DC in '76



cover to Limited Collectors' Edition #C-47

DC Comics turned 75 last year. As I've noted — like you needed me to tell you, if you follow the industry at all — it's celebrating the first anniversary of that big anniversary by relaunching its entire main line of superhero titles. On this Fourth of July, however, Blam's Blog is less concerned about what DC's doing at 76 than with what it did in '76.

My personal Golden Age of comic-book consumption was about 6 years old, or more broadly from ages 5 to 8 — younger than some thanks to early facility with reading, supported especially by parents who also encouraged the writing and drawing I was doing based on what I read. (I also had a vibrant "Silver Age" of comic-book collecting from about 12 to 16, full of exciting projects from DC, Marvel, and the new independents — not that I ever stopped buying them until I had to almost a decade ago for health-related financial reasons.) And just about nothing makes me as gleefully nostalgic as the batch of issues published by DC in April 1976, cover-dated July — or, if they were bimonthly, August, with "July-August 1976" in the indicia — to commemorate the 200th birthday of the great, sloppy, ongoing experiment in diversity and freedom that is The United States of America. No fewer than 33 covers sporting a banner that proclaimed "DC Comics Salutes the Bicentennial" hit spinner racks just as your humble correspondent's nascent comic-book craze was taking off — and were followed by a few more acknowledgements of the occasion, including the one above and a couple more mentioned at the end of this post.


covers to Our Army at War #294 and Ghosts #48




covers to Batman #277 
and Plop! #22




covers to Four-Star Spectacular #3 
and Karate Kid #3


Of course the banner was as much a marketing gimmick as a pure-hearted patriotic tribute. You can see from the house advertisement, top-left below, that sending in at least 25 of the 33 banners would get you a metal Superman belt buckle. For those readers of any age who considered themselves collectors, the numbering was probably also an impetus to collect the entire DC output that month; I was too young at the time to afford or otherwise realistically accumulate all 33 issues, and frankly most of the non-superhero offerings didn't interest me much, but today amassing the whole set is a definite if somewhat laid-back, long-term goal even as I look to divest myself of the majority of my hoard.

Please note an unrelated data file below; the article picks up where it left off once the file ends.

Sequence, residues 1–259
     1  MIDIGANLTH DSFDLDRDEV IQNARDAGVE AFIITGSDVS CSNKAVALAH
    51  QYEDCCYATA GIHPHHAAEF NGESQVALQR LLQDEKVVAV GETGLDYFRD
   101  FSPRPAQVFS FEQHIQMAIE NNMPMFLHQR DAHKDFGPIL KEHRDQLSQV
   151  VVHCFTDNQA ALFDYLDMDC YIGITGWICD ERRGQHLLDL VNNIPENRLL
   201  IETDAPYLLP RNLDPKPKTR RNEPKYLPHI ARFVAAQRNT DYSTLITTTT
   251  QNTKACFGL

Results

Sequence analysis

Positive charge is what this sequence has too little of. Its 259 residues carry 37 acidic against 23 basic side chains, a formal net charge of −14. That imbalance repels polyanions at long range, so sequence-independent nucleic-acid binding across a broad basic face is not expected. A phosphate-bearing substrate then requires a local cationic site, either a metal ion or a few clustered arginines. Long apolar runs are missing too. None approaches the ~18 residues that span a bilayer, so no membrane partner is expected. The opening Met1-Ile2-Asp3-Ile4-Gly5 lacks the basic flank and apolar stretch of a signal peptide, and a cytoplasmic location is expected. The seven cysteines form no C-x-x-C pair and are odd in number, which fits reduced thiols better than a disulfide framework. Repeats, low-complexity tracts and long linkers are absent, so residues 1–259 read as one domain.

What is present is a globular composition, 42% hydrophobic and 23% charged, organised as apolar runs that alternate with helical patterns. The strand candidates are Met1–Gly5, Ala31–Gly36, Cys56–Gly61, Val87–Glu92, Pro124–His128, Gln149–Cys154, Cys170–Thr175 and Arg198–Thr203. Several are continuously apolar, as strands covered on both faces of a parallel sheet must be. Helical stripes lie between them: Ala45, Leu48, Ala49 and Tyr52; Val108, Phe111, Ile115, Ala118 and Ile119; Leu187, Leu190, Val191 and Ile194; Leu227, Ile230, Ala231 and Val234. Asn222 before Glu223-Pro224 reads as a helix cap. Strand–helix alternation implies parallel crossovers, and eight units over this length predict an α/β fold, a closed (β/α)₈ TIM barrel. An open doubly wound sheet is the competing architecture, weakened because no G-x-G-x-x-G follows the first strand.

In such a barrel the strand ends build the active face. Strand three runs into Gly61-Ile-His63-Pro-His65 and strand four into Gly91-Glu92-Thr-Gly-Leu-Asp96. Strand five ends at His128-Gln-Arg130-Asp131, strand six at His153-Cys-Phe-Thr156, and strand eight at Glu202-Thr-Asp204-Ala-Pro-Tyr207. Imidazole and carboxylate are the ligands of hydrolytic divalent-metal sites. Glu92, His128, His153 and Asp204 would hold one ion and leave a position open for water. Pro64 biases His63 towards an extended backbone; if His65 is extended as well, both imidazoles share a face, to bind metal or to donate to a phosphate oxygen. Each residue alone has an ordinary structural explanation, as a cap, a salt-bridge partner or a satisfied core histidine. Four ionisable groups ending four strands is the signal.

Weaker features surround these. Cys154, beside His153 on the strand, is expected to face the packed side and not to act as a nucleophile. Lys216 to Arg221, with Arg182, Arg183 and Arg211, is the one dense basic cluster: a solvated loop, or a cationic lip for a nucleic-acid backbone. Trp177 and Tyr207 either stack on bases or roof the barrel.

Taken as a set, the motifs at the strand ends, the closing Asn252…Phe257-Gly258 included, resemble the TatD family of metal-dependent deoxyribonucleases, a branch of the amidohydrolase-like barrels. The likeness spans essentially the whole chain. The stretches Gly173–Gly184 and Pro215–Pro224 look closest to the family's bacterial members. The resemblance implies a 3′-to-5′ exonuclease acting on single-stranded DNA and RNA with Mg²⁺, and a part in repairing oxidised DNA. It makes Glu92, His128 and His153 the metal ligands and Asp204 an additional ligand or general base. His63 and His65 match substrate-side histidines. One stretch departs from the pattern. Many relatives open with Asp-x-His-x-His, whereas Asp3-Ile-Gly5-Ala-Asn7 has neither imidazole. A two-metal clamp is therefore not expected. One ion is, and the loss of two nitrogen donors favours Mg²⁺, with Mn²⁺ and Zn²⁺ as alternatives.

"DC Comics Salutes the Bicentennial" ad; cover to All-Star Comics #3



covers to Claw the Unconquered #8 
and The Brave and the Bold #128



covers to Blitzkrieg #4 
and Secret Society of Super-Villains #2



covers to Superboy #218 
and The Tarzan Family #64



covers to Richard Dragon, Kung-Fu Fighter #10
 and Blackhawk #247



covers to World's Finest Comics #239 
and GI Combat #192



covers to The Unexpected #174 
and Detective Comics #461



covers to Action Comics #461 
and Adventure Comics #446



covers to Tarzan #251 and DC Super-Stars #5

DC Comics also released the tabloid-sized Limited Collectors' Edition #C-47 the first week in May with the logo Superman Salutes the Bicentennial, whose cover is atop this post. The interior content was something of a bait-and-switch since the treasury 
mostly contained reprints of Tomahawk, DC's long-running frontier adventure feature, and informative short pieces — there was just a smidgen of framing material starring Superman. Action Comics #462 & #463, the latter seen below left and unlike everything else displayed here actually released in July 1976, are on the other hand new stories that find Superman tossed back in time 200 years where he encounters the freshly inked Declaration of Independence itself. Joe Kubert's cover to Our Army at War #295, seen below right, was published the first week in May and also commemorated the Revolution.


The Grand Comics Database is source of all the cover scans in this post save for a couple cribbed from the DC Indexes website, alias Mike's Amazing World of DC Comics. Since the websites — both incredible resources — in some cases focus on different sets of data and structure their information in different ways, I've linked the captions of each cover displayed here to the issue's GCD record as well as to the relevant page at DC Indexes for those of you interested in further exploration. [Update: Links to individual pages at DC Indexes no longer work and have been removed.]



covers to Action Comics #463 and Our Army at War #295

All covers © 1976, featuring logos and characters TM/®, DC Comics. 
No infringement intended or implied. Covers used as historical exhibition.

1 comment:

Arben said...

I heart this so bad.

Y'know, when you told me about Stefan's call for proposals that led to your "52 Geek-Out" posts, I thought of coming up with a roster of titles straight from my/our DC golden age — and I realized immediately that 33 of the 52, at least, were easily identifiable because of exactly this; a quick visit to Mike's AWODCC would help me flesh out the rest my skipping a month or so in either direction.

I find it really interesting that covers for basically the entire Line of DC Super-Stars were provided by Ernie Chua/Chan, Joe Kubert, Luis Dominguez, and Dick Giordano, with a little Jim Aparo, Bob Oksner, and Mike Grell.